May 15, 2017

Dos and Don’ts for Interacting with Editors at Conferences

Photo credit: Foter.com
Later this month I’ll be attending Balticon, a science fiction and fantasy convention in Baltimore, Maryland, for the second time. Over the past decade, I’ve attended a number of conventions geared toward readers and writers, and I’ve had my share of both good and bad interactions with people who found out I’m an editor.

It can be hard to approach someone in any social situation, even more so when you’re an author who has poured your heart into your work and now fears rejection and/or harsh criticism. I get it—I’ve been on that side of the exchange before. In case you’re like me and worried about putting your foot in your mouth, here are some easy dos and don’ts for approaching an editor in person (at conventions or elsewhere).

Do:
  • “My name is Author McAuthor. I write magical realism about blood-thirsty unicorns. Nice to meet you!”
      Introduce yourself. Even if you have nothing particular to say, putting a face to a name is always nice, and if we end up working together later—or when sending a query—you can say, “We met at that unicorn convention in Pittsburgh in 2017!” Bonus points for being specific about what kinds of things you write, because that will make you stand out. (Extra bonus points if you really do write magical realism about blood-thirsty unicorns.)
  • “Do you have a minute to chat? I’m working on a romance novel that I’d like to have edited, and I’d love to know what to do next.”
      You don’t have to commit to working with someone, but after introductions, you can still pick their brain about next steps and ask them for advice. This is also a good way to find out what their schedule looks like if they are someone you want to work with in the future.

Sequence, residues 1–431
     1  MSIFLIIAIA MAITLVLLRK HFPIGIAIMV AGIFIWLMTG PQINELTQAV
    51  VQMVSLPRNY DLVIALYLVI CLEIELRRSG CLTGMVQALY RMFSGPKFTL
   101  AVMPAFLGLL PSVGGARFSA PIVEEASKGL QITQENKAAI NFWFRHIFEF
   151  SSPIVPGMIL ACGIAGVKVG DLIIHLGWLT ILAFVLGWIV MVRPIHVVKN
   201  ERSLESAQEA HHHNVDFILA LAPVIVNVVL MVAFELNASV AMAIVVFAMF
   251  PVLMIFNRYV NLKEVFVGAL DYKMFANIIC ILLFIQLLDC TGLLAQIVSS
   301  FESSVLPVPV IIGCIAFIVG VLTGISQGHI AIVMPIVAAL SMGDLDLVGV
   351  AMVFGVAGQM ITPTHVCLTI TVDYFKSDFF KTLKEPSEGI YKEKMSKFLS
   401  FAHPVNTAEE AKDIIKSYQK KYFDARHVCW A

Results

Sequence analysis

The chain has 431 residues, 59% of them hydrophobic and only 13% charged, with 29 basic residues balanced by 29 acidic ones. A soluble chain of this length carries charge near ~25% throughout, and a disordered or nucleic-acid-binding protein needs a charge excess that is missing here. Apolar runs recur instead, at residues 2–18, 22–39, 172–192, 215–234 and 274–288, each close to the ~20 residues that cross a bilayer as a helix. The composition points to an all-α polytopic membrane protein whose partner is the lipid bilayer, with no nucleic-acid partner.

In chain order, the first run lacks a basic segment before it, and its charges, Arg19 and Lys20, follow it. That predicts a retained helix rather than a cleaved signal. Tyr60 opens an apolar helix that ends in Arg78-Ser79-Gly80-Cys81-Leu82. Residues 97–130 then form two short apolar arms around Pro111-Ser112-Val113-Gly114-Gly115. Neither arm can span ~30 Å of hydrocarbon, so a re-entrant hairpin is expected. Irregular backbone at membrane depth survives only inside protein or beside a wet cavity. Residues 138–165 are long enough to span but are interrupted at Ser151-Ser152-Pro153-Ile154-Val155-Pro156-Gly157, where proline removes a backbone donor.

• “Hi, I saw you on a panel earlier and would love to chat more about the serial comma while we both enjoy our piña coladas!”
      Don’t be afraid to approach us in social situations, like at a bar or at lunch. Most often, we’re there to interact with others in the industry—just like you. But don’t trap us for half an hour listening to you talk about yourself; engage us in meaningful conversation! (Piña coladas are an added bonus.)



Don’t:
  • “Oh, you’re Editor McEditor. You rejected one of my stories once, which was a huge mistake.”
      No good can come of this. If an editor rejected your work, I can assure you it was nothing personal. But if you introduce yourself to an editor for the sole purpose of saying something snarky or mean-spirited, you’d better believe they’re going to remember you from then on. And not in a good way.
  • “I’m working on a story about a man who meets a woman and they fall in love and then she gets pregnant but the twist is he’s an alien, and then it turns out she’s cheating on him with a centaur-turned-villain whose name is Henrick…”
      Unless we’ve asked you to, don’t pitch us your book on the spot. And then, if we do express interest, definitely don’t tell us the entire plot. Sum it up for us in a sentence or two (typically called an elevator pitch), and then, if we’ve requested it, email the manuscript for us to look at later, when we’re not surrounded by distractions. It’s not that we’re not interested in your work; it’s just that this is not the time or place to be getting so granular—again, unless we’ve specifically asked you to. (In that case, all bets are off: go wild!) One more thing: if an editor does invite you to submit materials, don’t forget to follow up and note when and where the connection was made.
  • “OH HELLO LET ME INTERRUPT YOU FOR A MINUTE OR TEN”
      If an editor is obviously in the middle of a meeting with someone, don’t interrupt. Sometimes this is the only time we’ll have to see clients from other parts of the country face to face, so this time can be precious to us. If you’re only available for a short time, try signing up for a pitch appointment to be sure you have our full attention. If you can be more flexible, a quick “hey, can you chat for a few minutes after your 4 o’clock panel?” will suffice—as long as you’re okay with hearing “no.”



These are just some basics, but if you have specific scenarios you’re wondering about, don’t hesitate to ask in the comments below (or shoot us an email).

And if you’re going to be at Balticon in a couple of weeks, let me know! I hope to see you there.

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